The push to compromise comes from the culture outside the church and even from inside the church. There is mounting pressure to exchange truth for tolerance, especially in the areas of sexuality, spirituality and immorality. 

As Christians, we’re faced with two options: We can contend for the faith, or we can compromise it.

The New Testament book of Jude contains a stern warning of what will happen if our faith is compromised. It is also a call to us to fight for the faith in our own lives and culture, to persevere under pressure.

Jude roots this fight in our spiritual identity as followers of Christ, establishing three reasons why, even though their culture and their church were increasingly filled with false teaching and teachers, they were (and we are) secure in Christ. 

"To those who are CALLED, BELOVED in God the Father and KEPT for Jesus Christ..."

(Jude 1b)

3 Critical Choices in Crisis

Big Idea | "God will bring good out of every evil experienced by His people."

To listen to the full sermon audio, click here.

It’s inevitable: Crisis is coming for all of us. We live in a fallen world where evil exists and will affect each of us. Holding on to our Christian faith will become increasingly difficult in our culture and we will be tested. 

If we try hoping, ignoring, or pretending we won’t experience our share of crises, we will miss the opportunity to prepare our hearts and minds for when reality comes crashing in on us.

A crisis will either damage or deepen our faith. The difference is a choice.

A Blueprint for Building a Life of Repentance

BIG IDEA | “Repentance is a change in desire resulting in a change of direction.”

To listen to the full sermon audio, click here.

The end game of repentance is more than facing our sin and feeling sorry for it. Repentance should produce a change in direction for our lives. Where there is no change, there cannot have been real repentance.

No one accidentally stumbles into a life of genuine repentance, however. Just as in architecture, building something that lasts requires a blueprint; repentance, too, calls for a specific plan. 

Five Signs of Godly Sorrow

Big Idea: Repentance requires godly sorrow.

To listen to the entire message, click here.

The Apostle Paul was clear in 2 Corinthians 7: 10 that godly sorrow produces repentance. This means that where there is no sorrow, repentance is suspect. But where does this godly sorrow come from? What does it look like? And how can we pursue it?

The best way to understand godly sorrow is to see it in action. In Luke 7:36-50 we find one of the clearest examples in all of Scripture.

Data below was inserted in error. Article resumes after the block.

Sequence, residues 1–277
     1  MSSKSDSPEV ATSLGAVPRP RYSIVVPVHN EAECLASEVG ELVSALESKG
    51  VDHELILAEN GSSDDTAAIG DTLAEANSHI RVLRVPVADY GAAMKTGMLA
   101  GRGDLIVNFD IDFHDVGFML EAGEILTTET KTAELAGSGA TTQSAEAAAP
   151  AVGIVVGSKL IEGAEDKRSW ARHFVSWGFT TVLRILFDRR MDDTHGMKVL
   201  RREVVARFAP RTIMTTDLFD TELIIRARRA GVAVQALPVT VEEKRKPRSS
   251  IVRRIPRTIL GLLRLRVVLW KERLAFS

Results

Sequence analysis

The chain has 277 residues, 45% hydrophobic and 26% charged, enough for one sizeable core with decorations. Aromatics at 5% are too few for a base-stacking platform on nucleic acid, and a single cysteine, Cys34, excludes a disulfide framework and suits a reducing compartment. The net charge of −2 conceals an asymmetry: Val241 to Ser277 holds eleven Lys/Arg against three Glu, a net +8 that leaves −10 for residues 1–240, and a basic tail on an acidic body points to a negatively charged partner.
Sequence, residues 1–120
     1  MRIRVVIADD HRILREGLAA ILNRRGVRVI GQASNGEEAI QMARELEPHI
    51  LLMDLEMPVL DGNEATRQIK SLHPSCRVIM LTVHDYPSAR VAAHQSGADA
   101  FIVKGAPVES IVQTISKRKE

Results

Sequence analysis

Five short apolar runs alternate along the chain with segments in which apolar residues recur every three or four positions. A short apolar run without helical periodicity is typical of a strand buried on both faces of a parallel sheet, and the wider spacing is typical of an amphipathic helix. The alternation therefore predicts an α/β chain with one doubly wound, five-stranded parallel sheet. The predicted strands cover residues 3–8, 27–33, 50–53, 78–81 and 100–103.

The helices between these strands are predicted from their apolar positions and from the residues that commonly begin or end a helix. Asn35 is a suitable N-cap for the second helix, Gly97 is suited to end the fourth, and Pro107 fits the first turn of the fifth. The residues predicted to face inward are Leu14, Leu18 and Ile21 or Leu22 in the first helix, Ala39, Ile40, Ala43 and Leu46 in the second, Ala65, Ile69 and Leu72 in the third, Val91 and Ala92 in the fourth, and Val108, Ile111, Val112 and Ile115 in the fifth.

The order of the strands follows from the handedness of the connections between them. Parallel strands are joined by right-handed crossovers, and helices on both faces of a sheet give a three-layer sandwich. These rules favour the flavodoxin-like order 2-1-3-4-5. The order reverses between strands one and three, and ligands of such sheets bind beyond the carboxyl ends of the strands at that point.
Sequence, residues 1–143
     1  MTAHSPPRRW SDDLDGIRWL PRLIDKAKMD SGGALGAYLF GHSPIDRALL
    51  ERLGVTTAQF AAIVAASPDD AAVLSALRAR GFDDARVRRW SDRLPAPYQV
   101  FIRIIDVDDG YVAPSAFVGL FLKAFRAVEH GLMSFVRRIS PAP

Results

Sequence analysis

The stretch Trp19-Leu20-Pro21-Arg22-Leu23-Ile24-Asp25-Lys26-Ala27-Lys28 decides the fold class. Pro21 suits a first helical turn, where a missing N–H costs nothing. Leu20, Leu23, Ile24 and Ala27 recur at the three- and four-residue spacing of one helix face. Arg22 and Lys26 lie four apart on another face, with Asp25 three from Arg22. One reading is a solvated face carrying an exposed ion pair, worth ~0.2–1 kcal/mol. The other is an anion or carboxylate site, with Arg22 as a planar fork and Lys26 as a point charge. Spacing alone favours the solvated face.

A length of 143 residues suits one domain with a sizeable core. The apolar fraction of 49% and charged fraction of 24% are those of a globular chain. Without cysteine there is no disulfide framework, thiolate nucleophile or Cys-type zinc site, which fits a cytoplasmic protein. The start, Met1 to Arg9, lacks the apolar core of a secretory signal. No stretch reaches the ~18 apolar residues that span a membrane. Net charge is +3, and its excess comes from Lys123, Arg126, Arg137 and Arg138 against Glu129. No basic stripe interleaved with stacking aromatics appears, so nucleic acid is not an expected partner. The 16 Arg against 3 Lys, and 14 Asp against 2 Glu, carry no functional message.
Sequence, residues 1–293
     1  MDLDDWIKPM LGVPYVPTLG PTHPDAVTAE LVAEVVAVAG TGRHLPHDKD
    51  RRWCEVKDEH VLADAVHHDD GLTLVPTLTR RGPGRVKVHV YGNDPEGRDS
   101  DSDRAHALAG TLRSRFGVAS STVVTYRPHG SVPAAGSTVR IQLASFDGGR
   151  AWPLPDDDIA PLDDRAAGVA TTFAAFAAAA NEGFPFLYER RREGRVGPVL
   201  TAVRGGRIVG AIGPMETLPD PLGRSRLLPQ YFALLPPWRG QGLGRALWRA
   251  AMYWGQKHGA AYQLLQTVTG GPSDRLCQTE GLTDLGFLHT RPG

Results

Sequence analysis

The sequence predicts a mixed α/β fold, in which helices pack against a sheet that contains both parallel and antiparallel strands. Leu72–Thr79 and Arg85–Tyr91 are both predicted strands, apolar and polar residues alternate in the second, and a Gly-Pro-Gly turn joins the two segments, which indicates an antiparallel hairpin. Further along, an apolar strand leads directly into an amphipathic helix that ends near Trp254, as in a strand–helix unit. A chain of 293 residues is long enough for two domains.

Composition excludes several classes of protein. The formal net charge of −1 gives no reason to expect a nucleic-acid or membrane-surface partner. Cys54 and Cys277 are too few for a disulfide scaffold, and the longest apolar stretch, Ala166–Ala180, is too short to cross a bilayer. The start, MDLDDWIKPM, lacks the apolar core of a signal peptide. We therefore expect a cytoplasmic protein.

3 Keys to Facing My Sin

This is adapted from my latest sermon entitled: “A Change of Mind: Three Keys to Facing My Sin." You can listen to the full sermon audio here.

Most people would rather do anything other than face their sin.

The problem is, facing sin is the first step to repenting of it. The puritan Thomas Watson wrote, "Before a man can come to Christ, He must first come to himself...Sin must first be seen before it can be wept for."

In 2 Samuel 12, the prophet Nathan confronts the concealed sin of King David. David was guilty of a body of sin that would make the most hardened of sinners blush. There is much in the example of David that should not be replicated, but there is one thing that should - he finally faced his sin when Nathan called him on it. After nine months of hiding his sin, David finally admits in v.12,

"I have sinned against the LORD."

In this simple sentence we learn so much about repentance, specifically three keys to facing our sin...

3 Essential Marks Of Genuine Repentance...

Big Idea: Repentance is a change in me the world can see. 

To hear the entire message, click here.

We’ve all experienced times of confusion - times when we thought we understood something we in reality did not. The problem with confusion is that it has consequences. Some confusion, in fact, can have life-long, fatal, even eternal consequences. Repentance is one of those issues.

From beginning to end, the Bible heralds genuine repentance as foundational to both salvation and spiritual growth. The truth is, there is no salvation or spiritual growth apart from repentance.

But even though it’s one of the most talked-about issues in our faith, repentance is also one of the most misunderstood. As a result, much of what we deem repentance may not be. So, we need to be crystal clear about what it is and what it isn’t.

Here’s the question:

The Arrival of Hope

BIG IDEA: Worship is always the right response to the saving grace of Jesus

To listen to the full sermon audio, click here.

Stories are an essential part of Christmas; they inspire us, encourage us, and fill us with nostalgia. But what’s different about the Christmas story is that it gives birth to true and eternal hope.

When we reflect on what God has done in the past, as we do in the recounting of this story, it gives us hope for what God will do in the future and shows us how we should respond. We serve an unchanging God which means He will always do what He has always done. (Romans 15:4)

From the Christmas story in Luke 1, we find three reasons for hope:

3 Truths To Build Your Life On

The Old Testament book of Ruth is all about life, loss and the loving providence of God. It’s the story of two women, Naomi and Ruth, surrounded by loss and disappointment, and the one true God who is always at work in the ups and downs of their lives. 

I taught through this powerful short story at Redemption this fall (Click for sermon summaries - Part One, Part Two, Part Three, Part Four). In each chapter I found myself walking away with the same three realities rattling around in my heart and I wanted to share them here…

The Best Birth Announcement Ever

BIG IDEA | “Will you trust the promise and power of God?”

To listen to the entire sermon audio, click here.

Hundreds of years before the nativity scene we are all familiar with, God made a promise to His people through the prophet Isaiah. He promised to send a Savior who would deliver all humanity from sin and oppression, bring peace to a war-torn world, and rule with justice and righteousness forever.

Through this promise, hope was instilled in the hearts of God’s people and the waiting and anticipation began. But time went by and the generation to whom the promise was made had long died. Many surely wondered if God would keep His promise and if so, when?

Then something majestic happened,